Beside the Asser Levy Pool

I lost my last job in October 2008. I worked since that time, but that was the job I consider my last one, since it lasted longer than just a few weeks. I had a job in January 2009, another in February 2009, then another in October 2009. After that I didn’t work again until March 2010, when I worked one month for the Census Bureau, as a Questionnaire Assistance Center (QAC) representative. My job was to answer questions people had about the census, or to help them fill out their form. It lasted one month. In May I did a week of training to be an enumerator, the person who goes from door to door asking the census questions of people who didn’t send in their forms. I was told then that completing the training was not a guarantee of future work, and they were right.

Just after the training ended I received a letter from the Department of Labor that my unemployment claim had come under review and that it had been determined that my base pay now needed to be recalculated. I ignored the letter, sure that it had to be a mistake that would rectify itself in time, but it didn’t. The next time I logged onto the DOL web site to claim my weekly benefits I received a message that I needed to complete a new claim.

I was afraid that if I did this online, and it was a mistake to do so, it would mess up my current claim and take months to remedy, so I waited until Thursday and called their toll-free number to find out what sort of mishap had occurred in their system and try to get them to fix it while I was on the phone with them. Six months ago I had to refile my claim too, and they tried to enter it as a new claim and not as an extension of the emergency benefits I had been receiving. When I called, the guy I spoke to said “Oh yes, you’re right” and put me back onto emergency benefits (more money than the new claim would have been). So I was expecting that to happen again.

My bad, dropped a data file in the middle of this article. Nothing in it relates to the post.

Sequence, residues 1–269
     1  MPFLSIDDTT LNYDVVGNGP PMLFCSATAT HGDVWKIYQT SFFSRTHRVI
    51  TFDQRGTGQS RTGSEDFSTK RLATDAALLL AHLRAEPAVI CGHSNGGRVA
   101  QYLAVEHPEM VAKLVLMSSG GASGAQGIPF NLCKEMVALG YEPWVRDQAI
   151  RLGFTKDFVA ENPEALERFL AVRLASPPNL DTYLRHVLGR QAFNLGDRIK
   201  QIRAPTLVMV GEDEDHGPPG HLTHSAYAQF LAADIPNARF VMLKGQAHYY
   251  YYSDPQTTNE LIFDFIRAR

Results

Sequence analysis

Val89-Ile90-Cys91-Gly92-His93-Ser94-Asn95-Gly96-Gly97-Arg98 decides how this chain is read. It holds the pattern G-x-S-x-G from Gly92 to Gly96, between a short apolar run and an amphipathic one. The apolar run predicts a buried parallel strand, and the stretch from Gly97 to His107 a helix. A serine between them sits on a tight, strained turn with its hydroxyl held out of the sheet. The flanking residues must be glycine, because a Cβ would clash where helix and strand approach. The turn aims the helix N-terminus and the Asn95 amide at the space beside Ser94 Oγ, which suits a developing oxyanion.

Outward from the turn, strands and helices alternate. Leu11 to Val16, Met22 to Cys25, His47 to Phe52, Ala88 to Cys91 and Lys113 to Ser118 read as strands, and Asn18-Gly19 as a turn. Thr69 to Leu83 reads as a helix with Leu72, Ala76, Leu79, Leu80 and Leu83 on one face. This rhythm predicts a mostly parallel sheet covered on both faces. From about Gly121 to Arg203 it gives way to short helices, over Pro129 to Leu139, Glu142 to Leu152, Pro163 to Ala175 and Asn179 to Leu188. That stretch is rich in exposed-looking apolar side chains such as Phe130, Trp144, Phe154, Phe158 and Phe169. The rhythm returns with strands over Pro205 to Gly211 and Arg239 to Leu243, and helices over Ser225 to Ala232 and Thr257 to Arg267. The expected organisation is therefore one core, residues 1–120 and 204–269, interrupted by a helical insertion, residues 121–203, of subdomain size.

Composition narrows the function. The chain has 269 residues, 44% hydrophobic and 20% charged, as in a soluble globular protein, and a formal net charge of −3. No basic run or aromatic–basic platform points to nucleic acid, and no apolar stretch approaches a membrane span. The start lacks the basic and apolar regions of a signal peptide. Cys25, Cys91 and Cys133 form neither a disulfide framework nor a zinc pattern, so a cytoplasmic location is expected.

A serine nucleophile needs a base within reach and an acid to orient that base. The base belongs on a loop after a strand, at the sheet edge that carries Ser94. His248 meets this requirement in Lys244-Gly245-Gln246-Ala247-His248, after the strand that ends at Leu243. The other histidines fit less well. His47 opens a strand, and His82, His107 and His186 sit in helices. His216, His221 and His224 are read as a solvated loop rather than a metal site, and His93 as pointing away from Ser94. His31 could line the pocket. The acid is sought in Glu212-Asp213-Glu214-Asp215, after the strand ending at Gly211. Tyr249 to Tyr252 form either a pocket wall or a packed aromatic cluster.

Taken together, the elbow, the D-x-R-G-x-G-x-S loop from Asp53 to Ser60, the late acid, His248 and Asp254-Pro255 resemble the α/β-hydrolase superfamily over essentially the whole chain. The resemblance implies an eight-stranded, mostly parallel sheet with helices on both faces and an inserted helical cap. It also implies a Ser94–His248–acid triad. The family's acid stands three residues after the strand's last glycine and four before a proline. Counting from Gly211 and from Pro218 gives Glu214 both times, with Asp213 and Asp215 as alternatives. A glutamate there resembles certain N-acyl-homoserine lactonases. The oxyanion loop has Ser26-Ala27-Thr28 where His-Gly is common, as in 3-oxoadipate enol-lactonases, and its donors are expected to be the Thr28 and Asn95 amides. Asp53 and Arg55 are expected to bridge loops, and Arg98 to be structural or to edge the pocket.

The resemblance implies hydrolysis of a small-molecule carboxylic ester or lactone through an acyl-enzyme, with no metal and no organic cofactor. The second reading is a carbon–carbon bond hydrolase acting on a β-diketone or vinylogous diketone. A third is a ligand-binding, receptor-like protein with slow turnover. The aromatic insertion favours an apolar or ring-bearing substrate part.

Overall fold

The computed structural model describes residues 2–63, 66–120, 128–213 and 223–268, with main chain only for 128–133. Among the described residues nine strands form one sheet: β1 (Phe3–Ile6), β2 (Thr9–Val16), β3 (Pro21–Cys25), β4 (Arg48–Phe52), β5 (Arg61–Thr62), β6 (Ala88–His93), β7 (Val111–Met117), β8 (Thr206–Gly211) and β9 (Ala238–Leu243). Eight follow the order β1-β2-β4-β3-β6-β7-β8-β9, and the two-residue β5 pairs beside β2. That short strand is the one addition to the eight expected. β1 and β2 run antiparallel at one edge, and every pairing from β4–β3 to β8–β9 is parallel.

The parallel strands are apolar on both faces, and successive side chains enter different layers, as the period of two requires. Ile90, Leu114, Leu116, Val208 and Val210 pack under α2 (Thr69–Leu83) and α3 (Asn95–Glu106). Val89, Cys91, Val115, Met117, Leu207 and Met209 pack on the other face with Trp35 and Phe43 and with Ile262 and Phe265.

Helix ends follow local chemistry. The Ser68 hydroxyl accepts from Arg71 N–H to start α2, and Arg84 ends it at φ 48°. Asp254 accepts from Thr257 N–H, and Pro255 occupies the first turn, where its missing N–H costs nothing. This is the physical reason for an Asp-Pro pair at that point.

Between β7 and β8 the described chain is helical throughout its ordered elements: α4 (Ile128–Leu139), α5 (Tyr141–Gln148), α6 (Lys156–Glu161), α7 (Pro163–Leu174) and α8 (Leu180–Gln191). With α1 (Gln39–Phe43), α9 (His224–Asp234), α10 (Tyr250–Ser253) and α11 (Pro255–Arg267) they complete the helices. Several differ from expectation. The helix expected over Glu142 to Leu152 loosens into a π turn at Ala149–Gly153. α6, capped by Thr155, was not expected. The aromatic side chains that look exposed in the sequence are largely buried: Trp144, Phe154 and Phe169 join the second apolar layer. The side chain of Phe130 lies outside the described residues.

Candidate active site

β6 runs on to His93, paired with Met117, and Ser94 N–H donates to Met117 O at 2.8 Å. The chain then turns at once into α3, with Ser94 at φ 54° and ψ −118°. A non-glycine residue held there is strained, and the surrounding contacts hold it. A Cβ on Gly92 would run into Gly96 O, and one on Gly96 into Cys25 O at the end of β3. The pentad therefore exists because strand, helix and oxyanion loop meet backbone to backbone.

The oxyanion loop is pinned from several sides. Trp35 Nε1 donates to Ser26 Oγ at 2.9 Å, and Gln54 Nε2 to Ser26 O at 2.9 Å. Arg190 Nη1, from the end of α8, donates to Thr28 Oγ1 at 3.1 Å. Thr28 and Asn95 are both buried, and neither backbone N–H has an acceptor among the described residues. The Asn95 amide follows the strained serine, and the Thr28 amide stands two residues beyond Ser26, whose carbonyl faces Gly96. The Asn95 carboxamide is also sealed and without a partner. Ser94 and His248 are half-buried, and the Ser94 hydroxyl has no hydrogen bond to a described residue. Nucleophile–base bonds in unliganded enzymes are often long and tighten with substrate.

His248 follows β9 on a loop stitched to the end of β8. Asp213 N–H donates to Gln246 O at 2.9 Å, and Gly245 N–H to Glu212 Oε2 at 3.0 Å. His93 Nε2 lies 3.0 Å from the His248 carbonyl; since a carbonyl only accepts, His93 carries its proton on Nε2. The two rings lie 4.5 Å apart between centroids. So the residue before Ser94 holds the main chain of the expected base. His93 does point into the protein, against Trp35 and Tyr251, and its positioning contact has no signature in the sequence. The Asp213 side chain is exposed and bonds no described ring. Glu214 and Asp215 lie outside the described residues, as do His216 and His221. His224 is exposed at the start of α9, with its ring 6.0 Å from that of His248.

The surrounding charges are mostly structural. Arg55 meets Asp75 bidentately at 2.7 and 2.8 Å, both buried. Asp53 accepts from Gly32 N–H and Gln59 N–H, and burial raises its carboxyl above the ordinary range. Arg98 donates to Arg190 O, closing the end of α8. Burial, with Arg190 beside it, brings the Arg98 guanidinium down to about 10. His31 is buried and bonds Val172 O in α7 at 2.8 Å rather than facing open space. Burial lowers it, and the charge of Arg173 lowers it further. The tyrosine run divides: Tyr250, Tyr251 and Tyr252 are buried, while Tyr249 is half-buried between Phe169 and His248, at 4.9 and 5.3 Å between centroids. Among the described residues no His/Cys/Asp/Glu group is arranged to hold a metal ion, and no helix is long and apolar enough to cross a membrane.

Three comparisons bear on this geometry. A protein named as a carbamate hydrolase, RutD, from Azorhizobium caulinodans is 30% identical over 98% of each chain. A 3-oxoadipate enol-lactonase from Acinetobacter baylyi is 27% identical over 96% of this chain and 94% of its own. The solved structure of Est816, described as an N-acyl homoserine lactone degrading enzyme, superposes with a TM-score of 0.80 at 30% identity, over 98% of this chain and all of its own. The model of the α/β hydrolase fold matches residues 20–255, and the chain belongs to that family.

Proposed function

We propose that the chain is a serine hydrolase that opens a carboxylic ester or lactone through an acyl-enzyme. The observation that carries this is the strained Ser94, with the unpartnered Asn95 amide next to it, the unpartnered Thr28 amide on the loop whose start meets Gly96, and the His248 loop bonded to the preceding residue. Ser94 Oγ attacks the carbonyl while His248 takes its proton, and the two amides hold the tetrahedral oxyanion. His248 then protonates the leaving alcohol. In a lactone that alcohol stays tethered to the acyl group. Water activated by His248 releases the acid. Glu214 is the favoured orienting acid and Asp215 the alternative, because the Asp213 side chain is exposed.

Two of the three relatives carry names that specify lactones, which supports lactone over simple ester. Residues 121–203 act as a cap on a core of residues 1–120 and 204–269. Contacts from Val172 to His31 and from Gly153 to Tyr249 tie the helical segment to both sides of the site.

This time, however, I was on the phone with a woman who was relentless in her refusal to extend my emergency benefits (a teabagger, no doubt, infiltrating the bureaucracy in order to wreak mayhem). I too was relentless in my insistence to have my emergency benefits extended, since she was telling me that the new claim would yield me $171/week less.

Finally, I asked to speak to her supervisor. Her supervisor got on the phone and explained to me that the reason my base was revised was that I had worked two quarters in the past six and made over the threshold, so they could no longer use the previous base to extend the emergency benefits. I thanked her for her time and hung up.

Anyway… none of this has anything to do with the photograph above. The reason I mentioned all of this is that shortly after losing my emergency benefits and struggling to get by on my reduced benefits I got a call from a place I had sent a resume to. I was taking Owen from school to his karate class when I got the call. I took a pencil out of his bag and wrote down the information and set up the interview for the next day.

I went to the interview but it wasn’t so much an interview as a confirmation of having the job and a tour of the company. When he asked when I could start I told him that normally I would tell him that I could start the next day, but Owen still had two more days of school, and Monday was a half-day, so could I start Tuesday? He said yes and that was that. A year and eight months of unemployment ended as abruptly as it had begun.

So now I work on East 45th Street between Second and Third Avenues. I walk every morning up Avenue C to 25th Street, across 25th Street to First Avenue, up to 45th Street, then over. Along the way I pass many mundane areas that I will highlight in the coming days. The Asser Levy pool is just above 23rd Street. Last Summer, I came with Owen to this pool often. It’s a little further from our apartment than the Pitt Street pool, but it’s much nicer. This photo is of the sidewalk outside the pool, on the FDR 23rd Street exit.


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